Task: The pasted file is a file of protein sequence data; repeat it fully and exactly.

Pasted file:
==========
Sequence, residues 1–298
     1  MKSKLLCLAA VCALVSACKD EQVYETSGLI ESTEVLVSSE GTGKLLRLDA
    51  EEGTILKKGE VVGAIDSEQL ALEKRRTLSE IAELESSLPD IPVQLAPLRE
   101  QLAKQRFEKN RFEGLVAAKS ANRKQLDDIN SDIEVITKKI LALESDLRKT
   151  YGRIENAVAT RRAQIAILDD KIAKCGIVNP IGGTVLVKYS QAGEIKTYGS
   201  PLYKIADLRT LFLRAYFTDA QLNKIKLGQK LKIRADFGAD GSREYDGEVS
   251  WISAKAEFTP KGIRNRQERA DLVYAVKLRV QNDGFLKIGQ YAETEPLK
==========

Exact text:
Sequence, residues 1–298
     1  MKSKLLCLAA VCALVSACKD EQVYETSGLI ESTEVLVSSE GTGKLLRLDA
    51  EEGTILKKGE VVGAIDSEQL ALEKRRTLSE IAELESSLPD IPVQLAPLRE
   101  QLAKQRFEKN RFEGLVAAKS ANRKQLDDIN SDIEVITKKI LALESDLRKT
   151  YGRIENAVAT RRAQIAILDD KIAKCGIVNP IGGTVLVKYS QAGEIKTYGS
   201  PLYKIADLRT LFLRAYFTDA QLNKIKLGQK LKIRADFGAD GSREYDGEVS
   251  WISAKAEFTP KGIRNRQERA DLVYAVKLRV QNDGFLKIGQ YAETEPLK